President Cyril Ramaphosa is undertaking a working visit to Nigeria where stability and continental integration will form part of talks with his counterpart President Muhammadu Buhari.
“While in Nigeria, it is expected that the two Presidents will discuss a wide range of bilateral, continental and global issues of common concern. Peace, stability and continental integration will feature prominently in their discussions,” said the Presidency on Tuesday.
The President’s two-day visit will see him meet President Buhari and also participate in the 2018 Annual Meeting and 25th Anniversary Celebrations of the African Export-Import Bank (Afreximbank).
As the continent’s two largest economies, South Africa and Nigeria enjoy good political, economic and social relations formally established in 1994, immediately after South Africa’s first democratic elections.
Formal relations between South Africa and Nigeria have been conducted through the Bi-National Commission (BNC), established in 1999 as a structured bilateral mechanism to promote political, economic, social, cultural, scientific and technical cooperation between the two countries.
The BNC has over the years deepened and solidified the relations between the two countries, and laid the foundation for increased bilateral political and economic cooperation.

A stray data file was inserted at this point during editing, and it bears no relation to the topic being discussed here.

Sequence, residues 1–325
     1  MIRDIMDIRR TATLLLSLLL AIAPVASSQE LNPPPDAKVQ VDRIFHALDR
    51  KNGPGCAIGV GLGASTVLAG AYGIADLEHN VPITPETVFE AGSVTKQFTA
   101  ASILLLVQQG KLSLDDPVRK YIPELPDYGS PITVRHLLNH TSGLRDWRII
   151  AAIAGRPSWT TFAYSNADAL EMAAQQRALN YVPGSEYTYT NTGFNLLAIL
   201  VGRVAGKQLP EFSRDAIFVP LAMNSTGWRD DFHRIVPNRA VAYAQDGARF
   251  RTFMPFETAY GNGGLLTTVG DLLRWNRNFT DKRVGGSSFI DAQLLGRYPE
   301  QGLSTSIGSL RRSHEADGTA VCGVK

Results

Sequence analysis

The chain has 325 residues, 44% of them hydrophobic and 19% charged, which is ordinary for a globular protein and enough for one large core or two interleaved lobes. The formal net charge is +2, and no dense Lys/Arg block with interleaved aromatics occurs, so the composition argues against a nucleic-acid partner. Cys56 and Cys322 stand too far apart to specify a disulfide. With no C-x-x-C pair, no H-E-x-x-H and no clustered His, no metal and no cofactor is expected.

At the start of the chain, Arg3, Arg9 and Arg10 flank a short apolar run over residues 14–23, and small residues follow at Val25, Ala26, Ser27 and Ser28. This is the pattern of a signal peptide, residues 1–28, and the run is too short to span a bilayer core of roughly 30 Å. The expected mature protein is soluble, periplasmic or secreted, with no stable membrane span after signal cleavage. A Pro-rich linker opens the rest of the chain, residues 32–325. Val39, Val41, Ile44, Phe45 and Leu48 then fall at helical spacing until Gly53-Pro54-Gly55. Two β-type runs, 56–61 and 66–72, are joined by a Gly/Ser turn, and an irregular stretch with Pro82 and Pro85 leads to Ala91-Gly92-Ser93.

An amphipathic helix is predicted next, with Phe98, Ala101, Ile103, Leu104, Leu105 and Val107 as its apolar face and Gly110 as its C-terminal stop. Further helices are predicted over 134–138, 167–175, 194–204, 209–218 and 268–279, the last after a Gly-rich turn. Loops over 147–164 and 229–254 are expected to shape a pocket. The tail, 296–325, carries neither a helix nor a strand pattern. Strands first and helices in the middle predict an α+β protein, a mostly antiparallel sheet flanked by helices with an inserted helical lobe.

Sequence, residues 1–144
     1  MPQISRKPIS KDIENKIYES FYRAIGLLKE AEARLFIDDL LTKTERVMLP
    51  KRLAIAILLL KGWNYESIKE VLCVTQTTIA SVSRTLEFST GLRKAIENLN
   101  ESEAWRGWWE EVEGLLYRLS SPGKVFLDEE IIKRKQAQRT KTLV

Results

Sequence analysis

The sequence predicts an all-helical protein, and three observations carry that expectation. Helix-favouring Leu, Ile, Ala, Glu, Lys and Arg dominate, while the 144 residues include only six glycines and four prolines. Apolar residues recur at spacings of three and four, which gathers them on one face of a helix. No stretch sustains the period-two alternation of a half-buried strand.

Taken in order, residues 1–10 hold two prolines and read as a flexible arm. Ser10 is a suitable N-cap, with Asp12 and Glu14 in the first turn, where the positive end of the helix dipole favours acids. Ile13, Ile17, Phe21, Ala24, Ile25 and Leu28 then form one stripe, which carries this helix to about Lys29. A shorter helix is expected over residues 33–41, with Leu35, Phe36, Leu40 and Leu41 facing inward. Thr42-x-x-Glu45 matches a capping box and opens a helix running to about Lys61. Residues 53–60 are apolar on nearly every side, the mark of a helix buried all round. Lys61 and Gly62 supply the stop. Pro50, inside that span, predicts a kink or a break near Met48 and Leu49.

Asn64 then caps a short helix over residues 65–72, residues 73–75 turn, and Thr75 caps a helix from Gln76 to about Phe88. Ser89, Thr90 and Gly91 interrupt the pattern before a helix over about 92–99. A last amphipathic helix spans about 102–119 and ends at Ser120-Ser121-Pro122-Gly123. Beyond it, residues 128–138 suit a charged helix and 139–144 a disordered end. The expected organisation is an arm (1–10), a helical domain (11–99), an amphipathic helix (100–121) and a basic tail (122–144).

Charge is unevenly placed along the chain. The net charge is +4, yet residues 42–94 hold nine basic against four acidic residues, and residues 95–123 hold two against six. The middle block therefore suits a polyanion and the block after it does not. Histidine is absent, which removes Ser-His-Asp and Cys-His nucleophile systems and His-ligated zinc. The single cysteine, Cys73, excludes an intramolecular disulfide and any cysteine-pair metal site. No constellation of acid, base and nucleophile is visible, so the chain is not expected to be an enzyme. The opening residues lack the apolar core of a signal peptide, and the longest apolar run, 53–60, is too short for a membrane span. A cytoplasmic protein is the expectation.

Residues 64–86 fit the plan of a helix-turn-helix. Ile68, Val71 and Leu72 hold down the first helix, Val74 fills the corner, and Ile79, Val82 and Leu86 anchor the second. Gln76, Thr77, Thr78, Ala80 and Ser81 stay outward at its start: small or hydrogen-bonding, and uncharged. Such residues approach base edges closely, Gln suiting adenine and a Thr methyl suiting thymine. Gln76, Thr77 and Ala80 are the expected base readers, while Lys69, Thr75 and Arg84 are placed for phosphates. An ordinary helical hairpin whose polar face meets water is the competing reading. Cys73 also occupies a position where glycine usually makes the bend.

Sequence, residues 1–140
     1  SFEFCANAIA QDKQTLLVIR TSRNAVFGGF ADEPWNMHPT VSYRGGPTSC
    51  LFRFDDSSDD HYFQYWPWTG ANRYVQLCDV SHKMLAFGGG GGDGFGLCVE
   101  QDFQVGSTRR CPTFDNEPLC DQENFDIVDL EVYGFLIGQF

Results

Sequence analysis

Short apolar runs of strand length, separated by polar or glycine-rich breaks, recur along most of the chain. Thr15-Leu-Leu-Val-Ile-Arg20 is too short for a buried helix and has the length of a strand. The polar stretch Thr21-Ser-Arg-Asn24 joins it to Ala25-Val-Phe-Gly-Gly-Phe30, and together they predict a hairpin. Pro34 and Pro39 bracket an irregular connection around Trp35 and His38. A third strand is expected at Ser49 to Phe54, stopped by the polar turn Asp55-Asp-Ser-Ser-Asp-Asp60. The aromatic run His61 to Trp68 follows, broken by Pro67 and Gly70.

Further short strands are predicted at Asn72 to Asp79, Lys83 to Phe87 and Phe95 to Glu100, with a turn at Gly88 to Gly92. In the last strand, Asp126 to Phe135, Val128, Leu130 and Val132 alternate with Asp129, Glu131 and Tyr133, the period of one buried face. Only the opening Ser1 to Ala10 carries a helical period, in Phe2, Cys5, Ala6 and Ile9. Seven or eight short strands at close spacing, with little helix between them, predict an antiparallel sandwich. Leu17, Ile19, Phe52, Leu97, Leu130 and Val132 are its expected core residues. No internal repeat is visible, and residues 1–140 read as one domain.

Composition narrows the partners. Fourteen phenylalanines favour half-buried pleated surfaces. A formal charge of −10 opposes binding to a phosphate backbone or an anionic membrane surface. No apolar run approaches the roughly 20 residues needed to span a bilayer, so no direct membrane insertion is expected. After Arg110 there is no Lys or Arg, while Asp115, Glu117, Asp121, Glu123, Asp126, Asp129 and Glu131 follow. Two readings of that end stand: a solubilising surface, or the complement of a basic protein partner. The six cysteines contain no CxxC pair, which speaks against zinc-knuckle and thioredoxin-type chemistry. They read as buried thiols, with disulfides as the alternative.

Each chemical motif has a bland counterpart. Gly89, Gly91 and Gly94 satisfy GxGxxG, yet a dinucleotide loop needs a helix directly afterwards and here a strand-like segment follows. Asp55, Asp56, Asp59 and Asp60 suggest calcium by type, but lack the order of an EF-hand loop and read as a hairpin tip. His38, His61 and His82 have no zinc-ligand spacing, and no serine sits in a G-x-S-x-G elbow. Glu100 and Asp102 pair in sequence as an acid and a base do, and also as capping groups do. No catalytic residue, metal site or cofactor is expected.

Bilateral cooperation has been enhanced over the years with 34 bilateral agreements having been signed between South Africa and the West African state.
The agreements cover various areas such as arts and culture, education, agriculture, trade and investment, mining, defence, policing, immigration, taxation, science and technology, health, tourism, environment and energy, amongst others.
South Africa and Nigeria also enjoy strong economic cooperation demonstrated by the increasing trade and investment flows between the two sister Republics.
In 2016, South Africa exported goods worth R6.4 billion while Nigerian exports to South Africa totalled R30.4 billion.
In 2017, South African exports were valued at R5.7 billion against R22.8 billion imports from Nigeria.
“Nigeria enjoys a huge trade deficit due to the increasing South African importation of petroleum products,” said the Presidency.
Meanwhile, there are over 120 South African companies currently doing business in Nigeria in various sectors, mainly in telecommunications, banking, retail, hospitality, mining, tourism, agriculture and construction and tourism.
Some of the South African companies that have invested in Nigeria include MTN, Multichoice, Stanbic Bank, Shoprite Checkers, South African Airways, Sasol and Bon Hotels, to mention a few.
President Ramaphosa will be accompanied by Defence and Military Veterans Minister Nosiviwe Mapisa-Nqakula, Energy Minister Jeff Radebe, Police Minister Bheki Cele and Trade and Industry Deputy Minister Bulelani Magwanishe.